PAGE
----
Use ChatGPT technology

WE We live in exuberant times with unprecedented rapid advances in technology and sometimes on the verge of euphoria when online BOTs challenge us to confirm we are not robots.

According to the online statistics portal Statista, the Google Play Store alone publishes an average of 99,000 applications (apps) per month, and users use an average of 10 apps per day in their daily activities. This rapid infiltration of technology into our daily lives has impacted the education sector in many ways over the decades, and education and technology formed a symbiotic relationship, finding ways to embrace each other’s strengths and weaknesses.

As many know, since the advent of Microsoft’s spell checker in the 1990s, various AI (Artificial Intelligence) generators have been available for educational purposes. Recent news and hype surrounding ChatGPT (Chat Generative Pre-Trained Transformer), launched by OpenAI in November 2022, hit one million users in just five days of its launch and reportedly has over 500 million users today and is sending waves through the science field, which raises questions of authenticity, academic integrity, and plagiarism.

In response, it has been reported that educational institutions from the US to Australia have responded with drastic measures banning the use of ChatGPT in schools.

Use of AI

Through these technological innovations, science has quickly adapted and capitalized on developments such as the integration of the automated MCQ markers, Turnitin plagiarism detectors, Grammarly, Duolingo, AI exam proctoring, and the list is endless.

Because current AI writing and content apps are so freely available, educators are realigning and redesigning their teaching and learning repertoire to take advantage of these new developments. There are some benefits to using these AI tools, such as using the data insights available in these apps into their students’ performance to modify lessons for a more personalized approach to teaching and learning.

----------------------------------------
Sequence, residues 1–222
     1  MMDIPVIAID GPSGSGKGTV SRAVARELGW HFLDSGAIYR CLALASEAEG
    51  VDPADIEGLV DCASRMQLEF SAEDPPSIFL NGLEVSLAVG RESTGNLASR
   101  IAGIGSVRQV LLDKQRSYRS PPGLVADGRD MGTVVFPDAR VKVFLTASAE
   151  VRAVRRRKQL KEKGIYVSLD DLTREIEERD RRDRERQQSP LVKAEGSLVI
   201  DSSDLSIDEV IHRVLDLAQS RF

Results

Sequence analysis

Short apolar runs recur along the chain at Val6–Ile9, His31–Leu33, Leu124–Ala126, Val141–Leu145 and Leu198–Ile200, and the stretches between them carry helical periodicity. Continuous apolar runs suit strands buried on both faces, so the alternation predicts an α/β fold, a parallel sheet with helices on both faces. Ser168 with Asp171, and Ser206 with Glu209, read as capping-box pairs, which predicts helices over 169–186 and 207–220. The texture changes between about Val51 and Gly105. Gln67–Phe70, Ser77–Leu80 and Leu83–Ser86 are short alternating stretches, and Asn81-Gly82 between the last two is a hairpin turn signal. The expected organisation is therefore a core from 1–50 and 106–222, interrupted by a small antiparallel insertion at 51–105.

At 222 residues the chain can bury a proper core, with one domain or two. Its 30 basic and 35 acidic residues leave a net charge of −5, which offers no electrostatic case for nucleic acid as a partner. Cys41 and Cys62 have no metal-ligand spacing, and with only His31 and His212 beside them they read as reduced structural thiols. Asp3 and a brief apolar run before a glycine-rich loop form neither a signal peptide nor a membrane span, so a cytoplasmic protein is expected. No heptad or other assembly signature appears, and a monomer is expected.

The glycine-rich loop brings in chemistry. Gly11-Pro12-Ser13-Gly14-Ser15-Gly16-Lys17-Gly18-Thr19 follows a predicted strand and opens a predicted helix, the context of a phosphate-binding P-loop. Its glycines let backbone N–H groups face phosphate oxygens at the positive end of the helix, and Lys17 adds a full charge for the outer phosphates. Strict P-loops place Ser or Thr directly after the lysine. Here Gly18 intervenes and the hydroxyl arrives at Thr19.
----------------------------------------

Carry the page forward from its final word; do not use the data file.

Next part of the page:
There are also ways to improve the lives of academics by using these tools to help and support administrative tasks such as preparing reports and creating lesson plans.

Strategic changes in the classroom

The classroom challenges of these accessible AI tools cannot be denied as the science once again catches up. However, with strategic changes and steps towards teaching, the authenticity and originality of the students’ course contributions can be ensured:

-> Instructional strategies need to focus more on soft skill development, which allows the classroom to become an arena for problem solving, communication, developing group dynamics, analytical discussions, etc.

-> Evaluation methods must be re-evaluated with regard to formative and summative weighting, specific evaluation criteria and refined questioning techniques.

-> Reevaluation of policies related to codes of conduct, expanding the definition of plagiarism to include BOT-generated work.

There is no escaping these technological developments as with IR5.0 (Industrial Revolution 5.0) looming, more sophisticated and intelligent tools will be knocking on our classroom doors faster than we think. It is imperative that we equip and evolve towards the futuristic approach to education.

Prema Ponnudurai is Director of the School of Media and Communication at Taylor’s University and Associate Director of the Education for All Impact Lab.

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